Garuda Gamana Vrishabha Vahana Movie Review: Rage well captured
GGVV entirely belongs to Raj B Shetty, who, after Ondu Motteya Kathe, has graduated to an impeccable style of filmmaking in his second outing.
Garuda Gamana Vrishabha Vahana (GGVV) is an extraordinary work of art. It is ruthless in its overall personality, and it is bold filmmaking, which tries to transform all its rage into a fire that warms rather than cause destruction.
Cast: Raj B Shetty, Rishab Shetty, Gopalkrishna Deshpande
Director: Raj B Shetty
GGVV entirely belongs to Raj B Shetty, who, after Ondu Motteya Kathe, has graduated to an impeccable style of filmmaking in his second outing. With some great sequences and impressive performances, the story of GGVV effortlessly glides through and is wonderfully elevated by Praveen Shriyan’s cinematography and Midhun Mukundan’s music.
The gangster drama is about the brotherhood between Shiva (Raj B Shetty) and Hari (Rishab Shetty) and is set in the coastal backdrop of Mangala Devi. Taking a leaf out of Sri Devi Mahatme Yakshagana performance, Raj has brought the character traits of Bramha - the creator, Vishnu - the maintainer, and Maheshwara - the destroyer.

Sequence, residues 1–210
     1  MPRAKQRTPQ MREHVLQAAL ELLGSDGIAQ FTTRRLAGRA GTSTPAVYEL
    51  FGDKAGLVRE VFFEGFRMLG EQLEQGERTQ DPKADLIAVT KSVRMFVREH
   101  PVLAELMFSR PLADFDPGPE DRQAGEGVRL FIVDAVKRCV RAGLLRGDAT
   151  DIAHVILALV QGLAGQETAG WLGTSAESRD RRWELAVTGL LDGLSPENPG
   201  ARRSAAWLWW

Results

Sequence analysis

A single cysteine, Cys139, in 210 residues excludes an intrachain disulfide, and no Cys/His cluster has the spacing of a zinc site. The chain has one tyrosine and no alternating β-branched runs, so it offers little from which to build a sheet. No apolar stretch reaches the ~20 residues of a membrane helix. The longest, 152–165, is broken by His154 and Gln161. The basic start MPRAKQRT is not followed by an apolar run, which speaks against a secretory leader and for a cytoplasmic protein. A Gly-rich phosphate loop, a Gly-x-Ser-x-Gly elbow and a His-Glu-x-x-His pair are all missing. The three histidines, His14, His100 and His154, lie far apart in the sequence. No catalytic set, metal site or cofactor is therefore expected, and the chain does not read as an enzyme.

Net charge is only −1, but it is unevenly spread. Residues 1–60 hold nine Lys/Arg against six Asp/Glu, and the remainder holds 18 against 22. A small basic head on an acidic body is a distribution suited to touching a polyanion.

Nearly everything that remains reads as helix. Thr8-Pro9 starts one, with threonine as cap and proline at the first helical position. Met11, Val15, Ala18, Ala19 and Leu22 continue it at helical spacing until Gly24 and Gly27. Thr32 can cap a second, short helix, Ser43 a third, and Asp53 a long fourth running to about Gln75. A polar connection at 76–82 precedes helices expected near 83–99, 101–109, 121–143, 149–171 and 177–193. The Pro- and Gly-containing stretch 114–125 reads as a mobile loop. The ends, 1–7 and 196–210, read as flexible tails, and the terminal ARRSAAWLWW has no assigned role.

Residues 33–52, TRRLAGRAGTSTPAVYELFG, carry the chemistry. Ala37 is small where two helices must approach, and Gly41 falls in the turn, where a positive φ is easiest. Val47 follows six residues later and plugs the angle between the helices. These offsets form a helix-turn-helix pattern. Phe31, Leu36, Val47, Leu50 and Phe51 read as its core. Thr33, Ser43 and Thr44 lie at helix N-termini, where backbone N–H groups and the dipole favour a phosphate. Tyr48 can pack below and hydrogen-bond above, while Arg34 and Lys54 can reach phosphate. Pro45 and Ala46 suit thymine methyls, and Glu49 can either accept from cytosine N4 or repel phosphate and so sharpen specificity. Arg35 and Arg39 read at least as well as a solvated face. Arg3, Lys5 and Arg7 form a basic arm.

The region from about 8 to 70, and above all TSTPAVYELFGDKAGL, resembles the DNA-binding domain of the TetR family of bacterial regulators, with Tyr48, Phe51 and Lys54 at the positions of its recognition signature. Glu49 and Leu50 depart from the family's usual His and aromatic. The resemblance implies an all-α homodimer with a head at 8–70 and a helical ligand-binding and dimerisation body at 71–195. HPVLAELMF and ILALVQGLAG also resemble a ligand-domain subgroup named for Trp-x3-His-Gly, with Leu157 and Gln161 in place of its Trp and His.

Shiva’s disturbed childhood turns him into a rowdy who is overprotective of Hari. Enter Bramhaiyya (Gopalkrishna Deshpande), a sub-inspector who gets transferred to Mangala Devi. Their paths cross when Hari rises to become powerful and rule the coastal town. Will he get help from Shiva, or will this rising impact their relationship?
These sequences are reflective of the varied human emotions that end in a not-so-well thought-out climax. Although there is a repetition of a few scenes, the film maintains a high tempo. The filmmaker explores the culture of Mangala Devi, and does a fine job of pumping adrenaline into the scenes, which also brings out the loneliness, confusion, and inner turmoil.
While Raj Shetty breathes life into his role of Shiva, Rishab Shetty shines with a mature performance as Hari. Gopalkrishna Deshpande too does justify his director’s trust in him. Every actor of this ensemble has done their part exceedingly well.
GGVV boasts of a good craft, and is well-written and well-made. Points to the team for not glorifying rowdyism in a film, which is essentially a gangster drama. The filmmaker has sketched out the character arc of a distraught child, who grows up to be a gangster, and the resulting complications. GGVV should be experienced with an open mind about appreciating the art of filmmaking.